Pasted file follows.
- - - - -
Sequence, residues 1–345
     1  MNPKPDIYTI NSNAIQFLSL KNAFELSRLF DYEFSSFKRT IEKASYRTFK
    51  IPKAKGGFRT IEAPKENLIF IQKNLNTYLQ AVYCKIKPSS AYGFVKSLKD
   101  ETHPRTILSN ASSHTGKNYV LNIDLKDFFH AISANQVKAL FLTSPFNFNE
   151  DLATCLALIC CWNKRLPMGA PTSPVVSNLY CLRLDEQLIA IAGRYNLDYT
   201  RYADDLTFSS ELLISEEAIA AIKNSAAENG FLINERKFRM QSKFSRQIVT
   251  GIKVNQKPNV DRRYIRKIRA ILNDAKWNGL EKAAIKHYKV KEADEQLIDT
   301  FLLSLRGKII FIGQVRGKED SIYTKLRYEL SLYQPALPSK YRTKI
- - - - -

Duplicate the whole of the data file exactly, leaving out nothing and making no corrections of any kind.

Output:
Sequence, residues 1–345
     1  MNPKPDIYTI NSNAIQFLSL KNAFELSRLF DYEFSSFKRT IEKASYRTFK
    51  IPKAKGGFRT IEAPKENLIF IQKNLNTYLQ AVYCKIKPSS AYGFVKSLKD
   101  ETHPRTILSN ASSHTGKNYV LNIDLKDFFH AISANQVKAL FLTSPFNFNE
   151  DLATCLALIC CWNKRLPMGA PTSPVVSNLY CLRLDEQLIA IAGRYNLDYT
   201  RYADDLTFSS ELLISEEAIA AIKNSAAENG FLINERKFRM QSKFSRQIVT
   251  GIKVNQKPNV DRRYIRKIRA ILNDAKWNGL EKAAIKHYKV KEADEQLIDT
   301  FLLSLRGKII FIGQVRGKED SIYTKLRYEL SLYQPALPSK YRTKI